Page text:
Dr. Deb Walters of Unity is a grandmother kayaking from Maine to Guatemala to raise awareness and funds for the Safe Passage school that serves the children of the Guatemala City garbage dump. She will be honored at the United Nations for her exemplary dedication to improving the lives of others through volunteer service.

Walters will be named one of six Rotary Club ‘Global Women of Action’ during the humanitarian service organization’s annual Rotary Day at the United Nations Nov. 7, which will include high-level UN speakers and a look at the lasting improvements the honorees have made in the lives and communities they serve. Walters is the only North American honoree.

“I am humbled that my service to breaking the cycle of chronic poverty in Guatemala is being recognized by Rotary International and the United Nations,” Walters said.

Walters works with both urban and rural communities in Guatemala to break the cycle of multi-generational poverty through comprehensive programs that address an entire range of causes of poverty. In the Guatemala City garbage dump community more than 500 students are attending the Safe Passage school, hundreds of parents are learning to read and write and start small businesses, more than 100 preschool children attend an early education center, more than 1,000 benefit from health care and counseling services, gang membership is reduced through sports programs, and nutrition programs have ended malnutrition among the Safe Passage children.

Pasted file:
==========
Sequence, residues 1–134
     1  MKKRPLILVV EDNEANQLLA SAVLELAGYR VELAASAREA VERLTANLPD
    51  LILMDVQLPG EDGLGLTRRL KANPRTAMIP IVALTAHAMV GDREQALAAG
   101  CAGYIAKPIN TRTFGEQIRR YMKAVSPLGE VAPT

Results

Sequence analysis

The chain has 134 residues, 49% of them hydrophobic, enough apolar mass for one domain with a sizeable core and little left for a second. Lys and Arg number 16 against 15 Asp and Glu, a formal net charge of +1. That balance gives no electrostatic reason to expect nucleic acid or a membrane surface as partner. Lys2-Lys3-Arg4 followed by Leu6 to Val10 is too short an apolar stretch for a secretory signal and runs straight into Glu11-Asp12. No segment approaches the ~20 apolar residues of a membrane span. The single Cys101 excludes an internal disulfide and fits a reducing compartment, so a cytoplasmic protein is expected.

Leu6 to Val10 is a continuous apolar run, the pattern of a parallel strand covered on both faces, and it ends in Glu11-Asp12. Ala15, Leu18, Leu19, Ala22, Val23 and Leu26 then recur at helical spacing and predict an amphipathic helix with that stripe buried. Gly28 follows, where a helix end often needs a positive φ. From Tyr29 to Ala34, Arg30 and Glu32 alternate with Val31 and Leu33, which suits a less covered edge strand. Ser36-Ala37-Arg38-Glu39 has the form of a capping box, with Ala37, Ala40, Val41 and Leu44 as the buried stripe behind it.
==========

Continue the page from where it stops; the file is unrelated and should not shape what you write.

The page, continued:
Graduates are now earning five times the average family income. In the mountains of Guatemala, Walters works with ALDEA to provide clean water, sanitation, fuel efficient smokeless stoves and improved agriculture to over 1,100 families in three villages.

“Every day at Rotary I see first-hand how our members work to change lives and make significant impact around the world,” said Rotary International President K.R. Ravindran.

“Through hard work, dedication and selflessness, Rotary’s ‘Global Woman of Action’ are tackling some of the most difficult global problems. Each of these women truly embody Rotary’s motto, ‘Service Above Self’, and I extend my warmest congratulations to them for their outstanding service to humanity.”

Since its founding more than 100 years ago, Rotary harnesses the strength of professional and community leaders to tackle humanitarian challenges at home and abroad. Today, Rotary provides a platform for successful men and women of all ethnicities, faiths and cultures to make the world a better place through volunteer service.